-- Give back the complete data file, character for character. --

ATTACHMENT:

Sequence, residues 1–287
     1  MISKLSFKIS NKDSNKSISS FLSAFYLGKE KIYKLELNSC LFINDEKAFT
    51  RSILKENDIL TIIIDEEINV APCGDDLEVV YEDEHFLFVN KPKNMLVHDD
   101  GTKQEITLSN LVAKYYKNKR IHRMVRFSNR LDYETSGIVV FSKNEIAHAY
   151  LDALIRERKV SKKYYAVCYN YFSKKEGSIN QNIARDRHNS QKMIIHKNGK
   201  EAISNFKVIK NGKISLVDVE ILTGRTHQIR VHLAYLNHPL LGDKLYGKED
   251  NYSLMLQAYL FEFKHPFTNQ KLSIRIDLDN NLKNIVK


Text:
Sequence, residues 1–287
     1  MISKLSFKIS NKDSNKSISS FLSAFYLGKE KIYKLELNSC LFINDEKAFT
    51  RSILKENDIL TIIIDEEINV APCGDDLEVV YEDEHFLFVN KPKNMLVHDD
   101  GTKQEITLSN LVAKYYKNKR IHRMVRFSNR LDYETSGIVV FSKNEIAHAY
   151  LDALIRERKV SKKYYAVCYN YFSKKEGSIN QNIARDRHNS QKMIIHKNGK
   201  EAISNFKVIK NGKISLVDVE ILTGRTHQIR VHLAYLNHPL LGDKLYGKED
   251  NYSLMLQAYL FEFKHPFTNQ KLSIRIDLDN NLKNIVK